Sports are a social situation. They take place with others and in front of others. This is part of their appeal; players enjoy the camaraderie, fans quench their thirst for tribal belonging and coaches satisfy desires to influence others. Hence self-isolation is difficult for sports fans who crave these absent pleasures and the same applies to officials. Referees hold the same internal love of the game as everybody else, and so also enjoy participating in the trivial discussions about football that are currently dominating social media while we experience an enforced break from the game.
One such discussion was reported in The Telegraph on the 15th April, when Michael Oliver was asked to cast his expert eye over the infamous 1970 FA Cup Final replay between Chelsea and Leeds United. To paint a picture of this game, and to understand what referees label ‘game temperature’, if you type 1970 FA Cup Final into Google the second suggestion that your computer will offer you is ‘1970 FA Cup Final fouls’. It wasn’t a pleasant affair.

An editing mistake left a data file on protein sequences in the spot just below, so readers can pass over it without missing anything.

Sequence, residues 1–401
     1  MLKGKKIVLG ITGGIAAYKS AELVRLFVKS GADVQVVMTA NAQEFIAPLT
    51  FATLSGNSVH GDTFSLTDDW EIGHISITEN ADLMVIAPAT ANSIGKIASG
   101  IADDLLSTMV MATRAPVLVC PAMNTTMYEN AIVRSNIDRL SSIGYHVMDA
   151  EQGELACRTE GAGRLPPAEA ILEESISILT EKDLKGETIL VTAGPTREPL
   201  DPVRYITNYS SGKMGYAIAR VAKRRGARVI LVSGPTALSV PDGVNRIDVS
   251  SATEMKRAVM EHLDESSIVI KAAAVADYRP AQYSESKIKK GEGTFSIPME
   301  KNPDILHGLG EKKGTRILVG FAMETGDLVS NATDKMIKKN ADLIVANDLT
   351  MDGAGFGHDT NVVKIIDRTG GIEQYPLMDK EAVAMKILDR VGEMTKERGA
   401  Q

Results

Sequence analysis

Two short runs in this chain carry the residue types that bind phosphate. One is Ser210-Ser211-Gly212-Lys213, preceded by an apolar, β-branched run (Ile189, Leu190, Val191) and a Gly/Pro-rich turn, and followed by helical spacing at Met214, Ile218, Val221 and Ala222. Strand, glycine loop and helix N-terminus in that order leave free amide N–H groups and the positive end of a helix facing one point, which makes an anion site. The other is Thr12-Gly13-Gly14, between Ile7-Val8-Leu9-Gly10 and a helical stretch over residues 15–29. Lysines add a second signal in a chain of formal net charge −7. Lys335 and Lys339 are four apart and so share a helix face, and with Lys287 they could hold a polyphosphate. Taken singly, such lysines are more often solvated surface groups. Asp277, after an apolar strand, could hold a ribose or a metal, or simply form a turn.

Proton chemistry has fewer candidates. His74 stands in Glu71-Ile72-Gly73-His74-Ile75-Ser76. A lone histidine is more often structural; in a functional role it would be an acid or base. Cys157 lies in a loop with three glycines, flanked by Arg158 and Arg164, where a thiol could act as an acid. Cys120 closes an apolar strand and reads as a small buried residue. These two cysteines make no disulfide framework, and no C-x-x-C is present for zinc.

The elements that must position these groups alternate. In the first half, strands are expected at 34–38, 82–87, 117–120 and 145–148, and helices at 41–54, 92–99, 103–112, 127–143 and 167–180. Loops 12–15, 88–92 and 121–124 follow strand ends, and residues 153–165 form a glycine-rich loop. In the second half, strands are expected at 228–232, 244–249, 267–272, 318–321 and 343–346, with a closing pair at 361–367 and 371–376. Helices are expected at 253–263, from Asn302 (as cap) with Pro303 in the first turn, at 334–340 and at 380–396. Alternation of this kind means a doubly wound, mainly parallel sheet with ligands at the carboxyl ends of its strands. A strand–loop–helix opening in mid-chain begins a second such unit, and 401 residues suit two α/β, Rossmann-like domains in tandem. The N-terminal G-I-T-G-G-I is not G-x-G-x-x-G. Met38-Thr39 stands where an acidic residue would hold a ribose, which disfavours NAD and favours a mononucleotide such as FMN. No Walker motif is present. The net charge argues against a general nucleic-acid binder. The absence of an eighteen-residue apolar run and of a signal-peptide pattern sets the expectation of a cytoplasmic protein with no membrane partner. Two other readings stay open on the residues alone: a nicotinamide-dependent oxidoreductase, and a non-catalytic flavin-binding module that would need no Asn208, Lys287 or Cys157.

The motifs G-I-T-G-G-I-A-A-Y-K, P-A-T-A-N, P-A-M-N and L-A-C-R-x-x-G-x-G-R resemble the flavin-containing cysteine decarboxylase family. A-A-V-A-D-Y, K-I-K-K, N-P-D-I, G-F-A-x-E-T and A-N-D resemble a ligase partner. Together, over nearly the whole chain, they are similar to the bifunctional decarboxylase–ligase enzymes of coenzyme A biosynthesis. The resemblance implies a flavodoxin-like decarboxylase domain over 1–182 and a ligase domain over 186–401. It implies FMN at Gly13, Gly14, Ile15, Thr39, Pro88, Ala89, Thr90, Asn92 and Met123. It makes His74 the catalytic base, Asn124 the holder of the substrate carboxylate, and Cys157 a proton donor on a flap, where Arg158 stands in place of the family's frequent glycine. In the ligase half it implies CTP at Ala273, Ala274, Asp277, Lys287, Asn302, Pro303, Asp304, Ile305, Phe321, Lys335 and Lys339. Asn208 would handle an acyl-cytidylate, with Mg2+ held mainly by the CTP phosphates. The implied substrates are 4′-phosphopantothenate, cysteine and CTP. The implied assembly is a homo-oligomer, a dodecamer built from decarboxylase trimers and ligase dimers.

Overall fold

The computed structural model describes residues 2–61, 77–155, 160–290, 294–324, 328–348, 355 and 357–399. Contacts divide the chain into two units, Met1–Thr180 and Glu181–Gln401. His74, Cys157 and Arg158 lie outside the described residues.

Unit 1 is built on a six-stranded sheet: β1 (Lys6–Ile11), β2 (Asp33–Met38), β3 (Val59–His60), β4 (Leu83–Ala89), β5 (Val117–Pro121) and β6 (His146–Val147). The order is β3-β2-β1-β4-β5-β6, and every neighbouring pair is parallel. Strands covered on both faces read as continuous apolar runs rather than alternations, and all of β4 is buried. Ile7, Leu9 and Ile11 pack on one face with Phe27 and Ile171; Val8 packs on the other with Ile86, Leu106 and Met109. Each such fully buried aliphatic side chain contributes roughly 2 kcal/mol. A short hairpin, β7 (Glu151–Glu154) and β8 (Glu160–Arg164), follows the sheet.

Stuart Carrington is a lecturer in Sports Coaching Science at St Mary’s University, Twickenham, London. He is the author of Blowing the Whistle: The Psychology of Football Refereeing which is available here